Share on FacebookTweet about this on TwitterEmail this to someone
Share on FacebookTweet about this on TwitterEmail this to someone
Renderings Courtesy of SLCE Architects
Renderings Courtesy of SLCE Architects
Rockrose Development Corporation has released renderings for the 50-story development at 43-25 Hunter St.

The sky’s the limit for real estate in Long Island City.

Rockrose Development Corporation has released renderings for its newest 50-story development coming to the western Queens neighborhood at 43-25 Hunter St.

Permits for the project were partially approved on June 27, according to records from the city’s Department of Buildings. As of yet, no start date has been released.

The 970,000-square-foot tower will be made up of 19,000 square feet of ground floor retail space and 974 apartments, of which 20 percent will be affordable units.

According to published reports, the development will also include a 14-story building adjacent to the 50-story tower.


Rendering of the 14-story building adjacent to the 50-story tower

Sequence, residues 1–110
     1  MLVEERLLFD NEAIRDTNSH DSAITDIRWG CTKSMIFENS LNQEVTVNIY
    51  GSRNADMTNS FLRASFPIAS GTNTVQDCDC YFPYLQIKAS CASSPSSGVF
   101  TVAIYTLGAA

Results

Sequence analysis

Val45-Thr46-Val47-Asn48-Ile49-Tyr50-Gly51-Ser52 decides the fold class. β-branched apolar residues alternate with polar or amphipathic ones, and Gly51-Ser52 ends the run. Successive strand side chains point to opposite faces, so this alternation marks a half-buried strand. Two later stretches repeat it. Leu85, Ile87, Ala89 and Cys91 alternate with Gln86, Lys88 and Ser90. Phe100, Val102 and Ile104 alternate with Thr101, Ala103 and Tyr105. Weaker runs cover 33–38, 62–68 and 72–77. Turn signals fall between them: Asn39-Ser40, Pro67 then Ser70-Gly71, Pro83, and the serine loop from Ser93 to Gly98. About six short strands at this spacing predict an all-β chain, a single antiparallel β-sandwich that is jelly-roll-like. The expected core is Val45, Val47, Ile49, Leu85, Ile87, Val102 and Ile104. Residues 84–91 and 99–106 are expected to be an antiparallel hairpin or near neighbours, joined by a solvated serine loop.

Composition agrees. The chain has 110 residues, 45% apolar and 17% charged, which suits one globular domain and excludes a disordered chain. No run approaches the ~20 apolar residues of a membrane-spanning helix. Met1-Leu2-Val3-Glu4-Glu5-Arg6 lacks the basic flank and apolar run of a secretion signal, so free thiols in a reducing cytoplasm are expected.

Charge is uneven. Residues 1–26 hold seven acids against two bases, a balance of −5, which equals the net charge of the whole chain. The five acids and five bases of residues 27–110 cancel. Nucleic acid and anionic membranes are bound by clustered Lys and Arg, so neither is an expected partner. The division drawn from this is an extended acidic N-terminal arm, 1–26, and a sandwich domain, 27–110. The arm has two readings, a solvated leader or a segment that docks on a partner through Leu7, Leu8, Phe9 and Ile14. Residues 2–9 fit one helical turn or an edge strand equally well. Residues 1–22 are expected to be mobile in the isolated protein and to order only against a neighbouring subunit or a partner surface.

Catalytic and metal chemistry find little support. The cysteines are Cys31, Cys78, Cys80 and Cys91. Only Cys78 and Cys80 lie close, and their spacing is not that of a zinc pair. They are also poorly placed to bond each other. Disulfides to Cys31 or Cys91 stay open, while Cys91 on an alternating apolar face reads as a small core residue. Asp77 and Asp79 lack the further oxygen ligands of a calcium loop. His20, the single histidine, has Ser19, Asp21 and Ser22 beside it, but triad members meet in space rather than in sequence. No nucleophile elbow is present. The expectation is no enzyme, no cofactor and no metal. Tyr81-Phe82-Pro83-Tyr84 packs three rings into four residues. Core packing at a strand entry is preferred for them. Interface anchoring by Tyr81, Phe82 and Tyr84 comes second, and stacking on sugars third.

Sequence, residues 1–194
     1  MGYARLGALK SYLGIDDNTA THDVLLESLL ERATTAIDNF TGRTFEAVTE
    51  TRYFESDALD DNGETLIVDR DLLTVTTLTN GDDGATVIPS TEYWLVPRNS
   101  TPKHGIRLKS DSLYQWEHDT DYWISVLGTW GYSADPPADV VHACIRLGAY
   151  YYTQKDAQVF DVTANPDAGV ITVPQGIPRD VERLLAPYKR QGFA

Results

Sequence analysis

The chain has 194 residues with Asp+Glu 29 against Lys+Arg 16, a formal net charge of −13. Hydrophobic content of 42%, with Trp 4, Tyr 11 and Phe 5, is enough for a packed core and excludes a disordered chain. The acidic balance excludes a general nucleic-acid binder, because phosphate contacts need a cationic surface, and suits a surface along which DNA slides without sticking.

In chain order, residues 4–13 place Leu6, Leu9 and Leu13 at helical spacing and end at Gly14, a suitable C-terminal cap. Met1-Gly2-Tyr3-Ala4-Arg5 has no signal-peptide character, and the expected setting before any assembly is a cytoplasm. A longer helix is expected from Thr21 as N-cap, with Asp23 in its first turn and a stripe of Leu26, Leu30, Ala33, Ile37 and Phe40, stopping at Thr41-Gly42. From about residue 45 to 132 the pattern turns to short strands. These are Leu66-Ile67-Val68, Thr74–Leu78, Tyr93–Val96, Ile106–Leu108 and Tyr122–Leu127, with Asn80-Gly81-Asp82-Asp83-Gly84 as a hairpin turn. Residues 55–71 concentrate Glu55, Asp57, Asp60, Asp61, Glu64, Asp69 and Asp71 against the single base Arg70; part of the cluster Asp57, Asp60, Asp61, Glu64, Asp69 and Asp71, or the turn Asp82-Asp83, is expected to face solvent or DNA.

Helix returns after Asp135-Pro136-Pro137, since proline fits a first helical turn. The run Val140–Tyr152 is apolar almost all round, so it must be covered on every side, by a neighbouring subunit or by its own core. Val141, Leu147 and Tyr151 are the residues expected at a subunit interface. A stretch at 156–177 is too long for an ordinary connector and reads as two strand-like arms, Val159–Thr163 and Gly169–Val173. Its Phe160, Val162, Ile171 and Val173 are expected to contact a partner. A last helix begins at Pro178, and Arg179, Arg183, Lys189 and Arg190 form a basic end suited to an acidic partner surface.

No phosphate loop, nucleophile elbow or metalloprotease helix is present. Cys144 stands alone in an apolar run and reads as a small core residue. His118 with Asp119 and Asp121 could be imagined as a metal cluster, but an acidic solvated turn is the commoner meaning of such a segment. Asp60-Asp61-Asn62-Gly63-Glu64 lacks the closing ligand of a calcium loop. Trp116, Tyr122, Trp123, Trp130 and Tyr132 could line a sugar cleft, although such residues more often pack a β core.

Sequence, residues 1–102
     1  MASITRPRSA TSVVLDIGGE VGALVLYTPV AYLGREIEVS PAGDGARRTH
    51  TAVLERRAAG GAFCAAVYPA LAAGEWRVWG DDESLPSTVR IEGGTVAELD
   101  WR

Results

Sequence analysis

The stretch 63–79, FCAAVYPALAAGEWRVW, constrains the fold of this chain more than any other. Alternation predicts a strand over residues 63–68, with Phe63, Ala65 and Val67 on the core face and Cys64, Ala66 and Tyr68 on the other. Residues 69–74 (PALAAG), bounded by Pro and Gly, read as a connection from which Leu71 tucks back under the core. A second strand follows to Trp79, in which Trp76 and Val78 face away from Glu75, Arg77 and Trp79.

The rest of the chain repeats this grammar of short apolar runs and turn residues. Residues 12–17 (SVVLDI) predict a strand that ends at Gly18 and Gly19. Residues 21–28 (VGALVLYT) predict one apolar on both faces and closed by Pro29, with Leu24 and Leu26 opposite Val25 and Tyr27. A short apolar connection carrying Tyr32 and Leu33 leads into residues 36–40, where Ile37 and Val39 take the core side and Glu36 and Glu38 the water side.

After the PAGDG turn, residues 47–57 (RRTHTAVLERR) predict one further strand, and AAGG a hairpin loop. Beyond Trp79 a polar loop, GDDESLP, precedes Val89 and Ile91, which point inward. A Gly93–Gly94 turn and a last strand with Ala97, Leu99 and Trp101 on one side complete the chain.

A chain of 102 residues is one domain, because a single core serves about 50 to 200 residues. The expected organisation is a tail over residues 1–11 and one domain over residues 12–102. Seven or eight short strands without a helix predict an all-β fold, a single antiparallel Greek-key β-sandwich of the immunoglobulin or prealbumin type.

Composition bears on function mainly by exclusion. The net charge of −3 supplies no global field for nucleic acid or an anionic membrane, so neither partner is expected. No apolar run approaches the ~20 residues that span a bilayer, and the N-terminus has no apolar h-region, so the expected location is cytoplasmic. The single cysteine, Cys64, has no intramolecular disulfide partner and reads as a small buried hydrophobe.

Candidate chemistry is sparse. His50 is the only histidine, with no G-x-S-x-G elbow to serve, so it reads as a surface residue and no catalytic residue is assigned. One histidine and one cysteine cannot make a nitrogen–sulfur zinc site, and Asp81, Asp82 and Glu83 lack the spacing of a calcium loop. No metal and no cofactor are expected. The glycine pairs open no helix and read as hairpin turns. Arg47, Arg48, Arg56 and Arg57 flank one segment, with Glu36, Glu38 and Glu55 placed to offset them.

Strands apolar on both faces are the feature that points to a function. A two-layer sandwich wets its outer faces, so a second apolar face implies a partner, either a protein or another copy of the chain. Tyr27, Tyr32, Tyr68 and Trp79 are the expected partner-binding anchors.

There will be 18,000 square feet of interior amenity space and three large rooftop terraces. Amenities include a fitness center, basketball court, billiard room, rooftop solarium and great lawn, yoga studio, zen garden, screening room, library, children’s playroom, and a 38th floor rooftop terrace and lounge.

The building, designed by SLCE Architects, will be one of the tallest in Long Island City, according to published reports. Nearby in Astoria, 42-12 28th St. by developer Heatherwood Communities beats 43-25 Hunter St. with a total of 58 stories in height.

 

RECOMMENDED STORIES

Comments:

Join The Discussion



Related Stories
50-story apartment tower in LIC has apartments now available starting at $2,465 a month
50-story apartment tower in LIC has apartments now available starting at $2,465 a month
Popular Stories
Photo via Shutterstock
UPDATE: Hit-and-run crash on the Grand Central Parkway ruled a homicide
Photo provided by Angelo Ng & Anthony Ng Architects Studio
Three new 19-story retail and residential towers slated to go up in downtown Flushing
Photo courtesy of Wikimedia Commons/ICE
ICE raids in East Elmhurst and across the city cause alarm and confusion


Skip to toolbar
Web Analytics